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Asteroid Collision Course and Sagging Backpack

  1. Dec 11, 2006 #1
    We recently had a study group to look over some problems we were given in preparation for our upcoming exam. There were two problems that gave us a little bit of difficulty. There's a lot of stuff here, but I tried to trim it up as much as possible so as not to scare off any help. If I need to supply more information please let me know. Thanks in advance for any help/guidance provided.

    1. The problem statement, all variables and given/known data
    A NASA satellite has just observed an asteroid that is on a collision course with Earth. The asteroid has an estimated mass, based on its size, of 5 x 109 kg. It is approaching the Earth on a head-on course with a velocity of 600 m/s relative to the Earth and is now 5 x 106 km away.

    Masteroid = 5 x 10^9 kg
    Mearth = 5.98 x 10^24 kg
    Vi = 600 m/s
    ri = 5 x 10^9 m

    a. With what speed will it hit the Earth’s surface?
    b. How much thermal energy will be released?
    c. How much will the impact change the orbital velocity of the Earth?

    2. Relevant equations

    Ki + Ui = Kf + Uf
    ½MAVi² - G(MEMA)/ri = ½MAVf² - G(MEMA)/rE
    ½mvf² - Ug = ½mv² - Ug
    MAVA = (MA + ME)V
    MAVA + MEVE = (MA + ME)Vf
    Vf = (MAVA) / (MA + ME)

    3. The attempt at a solution

    Part A we worked out using the first two equations in our study group:

    ½ (5 x 10^9 kg)(600 m/s)² - G(5.98x10^24 kg)( 5 x 10^9 kg)/(5 x 10^9 m)

    and we ended up with 1.12 x 10^4 m/s relative to Earth as our final answer.

    Part B we were unsure how to work because we haven't covered anything in class regarding how much energy is released as thermal energy, light, and sound. Using the third and fourth equations from above we worked it out as such:

    ½(5 x 10^9 kg)(1.12 10^4 m/s)² - ½(5 x 10^9 kg)(5.017 x 10^-13)²

    and ended up with a final answer of 3.136 x 10^17 J.

    Part C also left me with a certain level of uncertainty. Using the last two equations listed, I ended up with 9.37 x 10^-12 m/s or 3.14 x 10^15 %

    1. The problem statement, all variables and given/known data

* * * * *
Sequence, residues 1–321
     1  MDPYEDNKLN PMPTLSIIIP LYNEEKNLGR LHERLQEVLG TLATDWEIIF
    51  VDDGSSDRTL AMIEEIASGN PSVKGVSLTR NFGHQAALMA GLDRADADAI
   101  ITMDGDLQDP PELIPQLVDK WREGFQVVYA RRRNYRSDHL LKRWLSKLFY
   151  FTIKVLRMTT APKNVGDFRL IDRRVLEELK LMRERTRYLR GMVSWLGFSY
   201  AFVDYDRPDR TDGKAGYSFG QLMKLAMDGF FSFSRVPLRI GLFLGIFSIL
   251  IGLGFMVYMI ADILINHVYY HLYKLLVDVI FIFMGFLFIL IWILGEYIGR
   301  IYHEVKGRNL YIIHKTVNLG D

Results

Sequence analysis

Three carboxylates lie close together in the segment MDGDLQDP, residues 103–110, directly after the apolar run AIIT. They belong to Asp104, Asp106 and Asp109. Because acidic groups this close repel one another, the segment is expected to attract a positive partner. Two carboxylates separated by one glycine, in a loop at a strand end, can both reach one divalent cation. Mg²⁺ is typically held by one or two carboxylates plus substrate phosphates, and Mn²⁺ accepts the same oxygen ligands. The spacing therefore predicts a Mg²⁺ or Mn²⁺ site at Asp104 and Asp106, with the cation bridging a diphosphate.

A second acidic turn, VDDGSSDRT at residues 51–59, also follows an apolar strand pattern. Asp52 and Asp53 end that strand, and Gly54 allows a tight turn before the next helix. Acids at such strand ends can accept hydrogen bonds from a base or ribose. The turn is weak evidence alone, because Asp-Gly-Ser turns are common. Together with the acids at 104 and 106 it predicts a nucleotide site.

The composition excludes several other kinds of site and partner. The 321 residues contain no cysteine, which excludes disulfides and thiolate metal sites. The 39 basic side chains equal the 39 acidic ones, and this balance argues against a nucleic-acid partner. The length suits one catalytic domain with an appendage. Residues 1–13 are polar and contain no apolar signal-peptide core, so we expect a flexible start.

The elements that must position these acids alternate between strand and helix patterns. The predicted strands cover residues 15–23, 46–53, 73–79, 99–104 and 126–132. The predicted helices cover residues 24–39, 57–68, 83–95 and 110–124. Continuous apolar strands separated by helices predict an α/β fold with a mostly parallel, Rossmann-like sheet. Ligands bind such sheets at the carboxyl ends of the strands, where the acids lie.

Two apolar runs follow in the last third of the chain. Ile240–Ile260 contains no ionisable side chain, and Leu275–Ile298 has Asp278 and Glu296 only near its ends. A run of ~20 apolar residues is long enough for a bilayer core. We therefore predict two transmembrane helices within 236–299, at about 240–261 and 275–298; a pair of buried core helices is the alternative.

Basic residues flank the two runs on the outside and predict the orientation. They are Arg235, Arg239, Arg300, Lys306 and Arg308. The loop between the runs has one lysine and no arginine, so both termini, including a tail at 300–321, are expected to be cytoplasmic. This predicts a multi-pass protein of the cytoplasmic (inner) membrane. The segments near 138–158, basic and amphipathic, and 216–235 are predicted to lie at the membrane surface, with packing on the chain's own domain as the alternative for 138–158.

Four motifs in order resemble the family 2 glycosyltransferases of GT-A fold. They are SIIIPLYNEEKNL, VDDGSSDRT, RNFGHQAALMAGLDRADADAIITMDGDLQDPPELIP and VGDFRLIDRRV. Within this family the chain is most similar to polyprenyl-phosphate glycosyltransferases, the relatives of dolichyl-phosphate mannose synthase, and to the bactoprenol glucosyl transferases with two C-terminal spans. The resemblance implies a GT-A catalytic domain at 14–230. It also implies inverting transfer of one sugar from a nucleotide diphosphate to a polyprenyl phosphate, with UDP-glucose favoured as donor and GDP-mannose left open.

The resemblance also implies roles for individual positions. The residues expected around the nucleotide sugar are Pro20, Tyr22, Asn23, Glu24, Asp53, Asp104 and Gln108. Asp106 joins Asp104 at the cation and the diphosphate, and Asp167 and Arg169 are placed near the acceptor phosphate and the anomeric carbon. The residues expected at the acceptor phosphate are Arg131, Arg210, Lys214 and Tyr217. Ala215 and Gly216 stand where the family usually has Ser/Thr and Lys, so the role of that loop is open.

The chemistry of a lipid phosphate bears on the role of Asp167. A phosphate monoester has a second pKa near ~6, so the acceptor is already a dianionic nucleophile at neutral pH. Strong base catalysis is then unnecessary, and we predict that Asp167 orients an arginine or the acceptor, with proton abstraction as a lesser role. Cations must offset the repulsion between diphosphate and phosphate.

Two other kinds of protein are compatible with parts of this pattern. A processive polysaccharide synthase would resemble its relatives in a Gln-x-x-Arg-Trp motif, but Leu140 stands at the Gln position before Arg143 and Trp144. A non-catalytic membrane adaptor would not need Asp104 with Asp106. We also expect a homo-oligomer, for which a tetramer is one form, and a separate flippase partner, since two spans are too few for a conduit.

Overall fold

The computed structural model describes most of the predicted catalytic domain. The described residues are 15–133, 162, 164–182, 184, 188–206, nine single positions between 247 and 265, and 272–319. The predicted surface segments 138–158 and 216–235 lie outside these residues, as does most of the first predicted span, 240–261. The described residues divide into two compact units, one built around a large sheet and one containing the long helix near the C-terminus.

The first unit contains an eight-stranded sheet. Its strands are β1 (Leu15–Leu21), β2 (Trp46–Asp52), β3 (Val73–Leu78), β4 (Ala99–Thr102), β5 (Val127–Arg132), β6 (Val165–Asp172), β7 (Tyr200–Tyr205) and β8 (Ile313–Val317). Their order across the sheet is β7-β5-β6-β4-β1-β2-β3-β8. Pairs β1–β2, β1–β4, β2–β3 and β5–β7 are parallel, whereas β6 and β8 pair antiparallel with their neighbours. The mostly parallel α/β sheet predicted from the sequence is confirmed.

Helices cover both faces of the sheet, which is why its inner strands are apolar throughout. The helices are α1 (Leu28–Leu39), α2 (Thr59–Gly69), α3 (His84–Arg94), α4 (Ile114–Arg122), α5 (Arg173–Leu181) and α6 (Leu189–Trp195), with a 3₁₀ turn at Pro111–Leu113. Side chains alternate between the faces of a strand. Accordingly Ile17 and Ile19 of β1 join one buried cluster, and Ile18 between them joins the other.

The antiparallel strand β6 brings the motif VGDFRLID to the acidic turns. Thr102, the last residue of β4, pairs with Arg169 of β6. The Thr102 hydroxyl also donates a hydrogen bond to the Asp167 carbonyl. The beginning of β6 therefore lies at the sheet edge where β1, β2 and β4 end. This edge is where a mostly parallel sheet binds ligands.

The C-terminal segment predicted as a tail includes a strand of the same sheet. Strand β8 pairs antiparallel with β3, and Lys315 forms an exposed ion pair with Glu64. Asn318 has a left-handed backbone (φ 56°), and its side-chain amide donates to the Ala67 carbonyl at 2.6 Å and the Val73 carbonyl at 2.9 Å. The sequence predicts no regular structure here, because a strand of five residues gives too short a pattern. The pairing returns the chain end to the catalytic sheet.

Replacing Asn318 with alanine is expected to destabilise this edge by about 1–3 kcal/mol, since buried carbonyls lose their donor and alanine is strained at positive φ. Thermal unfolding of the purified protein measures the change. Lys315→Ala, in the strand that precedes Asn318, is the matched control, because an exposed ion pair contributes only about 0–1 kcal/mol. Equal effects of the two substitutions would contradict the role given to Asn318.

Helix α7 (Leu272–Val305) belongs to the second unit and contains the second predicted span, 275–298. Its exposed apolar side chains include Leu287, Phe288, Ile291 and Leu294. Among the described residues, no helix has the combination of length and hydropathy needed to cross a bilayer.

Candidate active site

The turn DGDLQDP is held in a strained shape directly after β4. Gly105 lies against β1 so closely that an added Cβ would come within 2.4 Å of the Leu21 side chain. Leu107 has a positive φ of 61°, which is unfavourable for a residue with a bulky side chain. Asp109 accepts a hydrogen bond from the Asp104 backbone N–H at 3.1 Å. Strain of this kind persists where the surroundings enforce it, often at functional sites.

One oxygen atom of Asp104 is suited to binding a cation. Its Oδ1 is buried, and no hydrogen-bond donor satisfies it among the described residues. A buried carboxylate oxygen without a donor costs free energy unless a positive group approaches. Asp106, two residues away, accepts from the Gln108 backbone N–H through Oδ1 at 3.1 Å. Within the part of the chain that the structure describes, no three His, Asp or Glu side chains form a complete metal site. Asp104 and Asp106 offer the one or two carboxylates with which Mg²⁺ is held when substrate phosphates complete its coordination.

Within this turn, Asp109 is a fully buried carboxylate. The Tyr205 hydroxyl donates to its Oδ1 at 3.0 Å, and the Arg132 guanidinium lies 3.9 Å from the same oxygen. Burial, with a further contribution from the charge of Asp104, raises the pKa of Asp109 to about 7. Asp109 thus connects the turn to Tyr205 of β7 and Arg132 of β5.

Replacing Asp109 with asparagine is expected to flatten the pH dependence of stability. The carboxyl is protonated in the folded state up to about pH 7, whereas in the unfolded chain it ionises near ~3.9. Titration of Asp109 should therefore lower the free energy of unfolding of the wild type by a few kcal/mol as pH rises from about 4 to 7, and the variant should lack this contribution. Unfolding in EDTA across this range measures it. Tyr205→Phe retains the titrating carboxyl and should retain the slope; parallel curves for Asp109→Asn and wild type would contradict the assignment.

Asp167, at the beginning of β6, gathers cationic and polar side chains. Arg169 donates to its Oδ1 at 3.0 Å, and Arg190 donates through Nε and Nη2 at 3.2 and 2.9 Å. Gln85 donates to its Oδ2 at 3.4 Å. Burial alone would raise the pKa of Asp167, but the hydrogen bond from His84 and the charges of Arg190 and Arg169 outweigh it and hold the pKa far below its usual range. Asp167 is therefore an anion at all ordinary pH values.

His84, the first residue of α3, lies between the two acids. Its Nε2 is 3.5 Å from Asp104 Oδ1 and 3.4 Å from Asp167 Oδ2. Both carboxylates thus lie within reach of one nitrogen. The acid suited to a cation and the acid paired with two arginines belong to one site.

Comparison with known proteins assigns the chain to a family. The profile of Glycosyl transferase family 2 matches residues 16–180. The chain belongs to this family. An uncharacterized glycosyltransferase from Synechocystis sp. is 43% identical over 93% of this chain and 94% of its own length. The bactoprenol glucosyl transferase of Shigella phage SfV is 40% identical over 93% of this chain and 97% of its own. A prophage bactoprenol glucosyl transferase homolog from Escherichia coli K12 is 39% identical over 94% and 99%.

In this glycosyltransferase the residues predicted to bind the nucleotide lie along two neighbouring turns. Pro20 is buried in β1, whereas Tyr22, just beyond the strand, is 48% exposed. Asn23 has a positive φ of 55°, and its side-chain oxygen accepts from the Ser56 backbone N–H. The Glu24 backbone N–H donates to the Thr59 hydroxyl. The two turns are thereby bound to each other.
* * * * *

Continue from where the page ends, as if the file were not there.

Two trees are 7.6 m apart. Calculate the magnitude of the force F a backpacker must exert to hold a 16 kg backpack so that the rope sags at its midpoint by:

    a. 1.5 m
    b. 0.15 m

    2. Relevant equations

    Σt = (TsinΘ)(x) - mgh = 0

    3. The attempt at a solution

    For Part A we were confused as to what values we should use for x and h because the diagram shows the rope going across the trees to a pulley where the camper is applying the force to the rope. Some of us thought that we should use a distance of 8.18 m for x and 4.09 m for h based on the numbers we came up using trig. However, some argued that we should use distances of 7.6 m and 3.8 m because that is the distance between the trees. I maintained the opinion that the pulley would create more length in the rope, so I went with the first set of numbers I mentioned.

    Θ = arctan(1.5/3.8) = 21.54º
    Σt = Tsin(21.54º)(8.18 m) - (16 kg)(9.8 m/s²)(4.09 m) = 0

    My final answer for part A was 213.54 N

    Part B offered no confusion because the distances obtained using trig were essentially 7.6 m and 3.8 m
  2. jcsd
  3. Dec 11, 2006 #2


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    Staff Emeritus
    Science Advisor

    I'll talk about question 2. I think there's a simpler way than using
    Σt = (TsinΘ)(x) - mgh = 0, as we don't know h.

    Try drawing a picture of the rucksack and the forces acting upon it. You know the weight acting downwards, and we wish to calculate the tension in the rope. (Note that, for the rucksack to be in equilibrium, the tension must be the same throughout the rope) Then try and resolve the tension into vertical components (remember the tensions of both sides of the rope acting on the rucksack) and you should be able to solve for T (the force the backpacker must apply to the rope)

    EDIT: your answer is correct. I've just calculated it using the method i mentioned, and it gives the same answer!! Sorry!
    Last edited: Dec 11, 2006
  4. Dec 12, 2006 #3
    Thanks for checking that out. There were several opinions floating around our study group regarding that problem. Now it's really just part B of the first problem that's really bothering me. Is there a better equation to find the thermal energy released by this collision?
  5. Dec 12, 2006 #4


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    Science Advisor

    Your answer is correct. I think the confusion is arising due to the definition of "thermal energy." The definition used here is that thermal energy is the sum of the internal potential, and kinetic energies of the system.

    Using this definition, if you consider the asteroid just as it hits the earths surface then the total thermal energy of the system is the kinetic energy of the asteroid: T= (m v^2)/2 = 3.136 x 10^17 J. When the asteroid strikes the earth (presuming it stops at rest) all this energy will be released, and so the total thermal energy released will be the answer you give.
    Last edited: Dec 12, 2006
  6. Nov 7, 2007 #5
    hey guys, can you tell me how you did question number 2 ( the tree one) ?, if you can like post it here or send it to my e-mail, that would be great. millermakramalla@hotmail.com
  7. Nov 7, 2007 #6


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    Staff Emeritus
    Science Advisor

    Wow, this is from ages ago! Anyway, we do not give answers out here, but rather provide tutorial assistance for the student. So, if you show what you've done thus far, then we will be able to help you.
  8. Nov 8, 2007 #7
    oh ok, good to know.
    but thanks anyway, i think i got the answer. you just divide it into triagnles and figure out the Tension, which should be the force needed
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